|Nearest city||Delhi, Louisiana|
|NRHP reference #||04000803|
|Added to NRHP||August 4, 2004|
|Region||Richland Parish, Louisiana|
|Cultures||Poverty Point culture, Troyville-Coles Creek culture|
|Architectural styles||platform mounds, embankment, plaza|
|Architectural details||Number of monuments:|
Marsden Mounds (16 R 13) is an archaeological site with components from the Poverty Point culture (1500 BCE) and the Troyville-Coles Creek period (400 to 1200 CE). It is located in Richland Parish, Louisiana, near Delhi. It was added to the NRHP on August 4, 2004, as NRIS number 04000803. It is the type site for the Marsden Phase (500-600 CE) of the Tensas Basin and Natchez Bluff regions local chronology.
The earthworks at the site include a group of five platform mounds and two portions of an earthen embankment. Mounds A, B, C and D (which are between 3 feet (0.91 m) and 5 feet (1.5 m) in height) are located along the eastern edge of Maçon Ridge with a section of the embankment connecting three of them. The largest mound at the site, Mound E, measures 13 feet (4.0 m) in height, with the base being 150 feet (46 m) by 150 feet (46 m) and a summit of 130 feet (40 m) by 130 feet (40 m). It and another portion of embankment are located across a large plaza 300 feet (91 m) to the southwest of the other mounds.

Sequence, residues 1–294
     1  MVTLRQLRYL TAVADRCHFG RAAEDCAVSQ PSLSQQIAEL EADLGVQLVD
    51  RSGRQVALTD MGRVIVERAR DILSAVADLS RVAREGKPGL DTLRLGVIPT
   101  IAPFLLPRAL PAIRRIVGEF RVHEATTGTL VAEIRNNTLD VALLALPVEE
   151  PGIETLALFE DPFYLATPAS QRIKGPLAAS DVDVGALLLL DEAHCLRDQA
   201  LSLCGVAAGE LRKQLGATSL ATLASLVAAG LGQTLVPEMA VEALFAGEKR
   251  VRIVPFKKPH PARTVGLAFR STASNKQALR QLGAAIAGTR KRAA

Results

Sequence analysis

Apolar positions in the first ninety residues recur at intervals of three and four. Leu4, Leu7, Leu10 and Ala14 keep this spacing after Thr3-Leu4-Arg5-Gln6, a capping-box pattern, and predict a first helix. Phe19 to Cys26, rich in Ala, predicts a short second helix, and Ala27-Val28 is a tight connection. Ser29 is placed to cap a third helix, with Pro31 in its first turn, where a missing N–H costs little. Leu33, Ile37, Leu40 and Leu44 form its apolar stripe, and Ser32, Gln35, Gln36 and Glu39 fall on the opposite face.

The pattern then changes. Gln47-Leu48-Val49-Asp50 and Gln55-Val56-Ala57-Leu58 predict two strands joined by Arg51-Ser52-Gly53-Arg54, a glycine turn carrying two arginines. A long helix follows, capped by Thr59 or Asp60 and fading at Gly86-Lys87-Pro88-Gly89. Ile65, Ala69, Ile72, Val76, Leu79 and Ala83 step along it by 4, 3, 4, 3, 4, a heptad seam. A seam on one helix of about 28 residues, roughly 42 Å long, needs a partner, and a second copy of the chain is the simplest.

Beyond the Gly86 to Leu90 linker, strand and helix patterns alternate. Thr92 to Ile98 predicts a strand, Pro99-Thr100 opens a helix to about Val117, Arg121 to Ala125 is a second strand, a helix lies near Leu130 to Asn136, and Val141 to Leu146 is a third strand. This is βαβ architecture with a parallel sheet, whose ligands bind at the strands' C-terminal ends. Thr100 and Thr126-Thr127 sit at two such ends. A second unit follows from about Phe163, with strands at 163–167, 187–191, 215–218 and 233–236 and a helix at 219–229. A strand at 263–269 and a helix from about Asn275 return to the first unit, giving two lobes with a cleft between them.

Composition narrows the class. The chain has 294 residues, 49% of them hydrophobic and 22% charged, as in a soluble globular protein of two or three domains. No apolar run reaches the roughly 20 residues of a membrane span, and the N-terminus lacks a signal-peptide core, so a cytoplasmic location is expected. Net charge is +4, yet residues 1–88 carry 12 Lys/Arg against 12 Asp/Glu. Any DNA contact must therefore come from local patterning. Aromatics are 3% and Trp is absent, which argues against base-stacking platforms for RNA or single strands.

During investigations at the site, artifacts from the Poverty Point culture were found under some of the mounds, showing that people occupied this at least as early as 1500 BC during the Archaic period. Radiocarbon dating of charcoal samples from one of the smaller mounds have been dated 400 and 1200 CE, during the Late Woodland Troyville-Coles Creek period.
- National Park Service (2010-07-09). "National Register Information System". National Register of Historic Places. National Park Service.
- "Indian Mounds of Northeast Louisiana : Marsden Mounds". Louisiana Department of Culture, Recreation and Tourism. Retrieved 2017-03-14.
- "National Register of Historic Places". Retrieved 2011-10-17.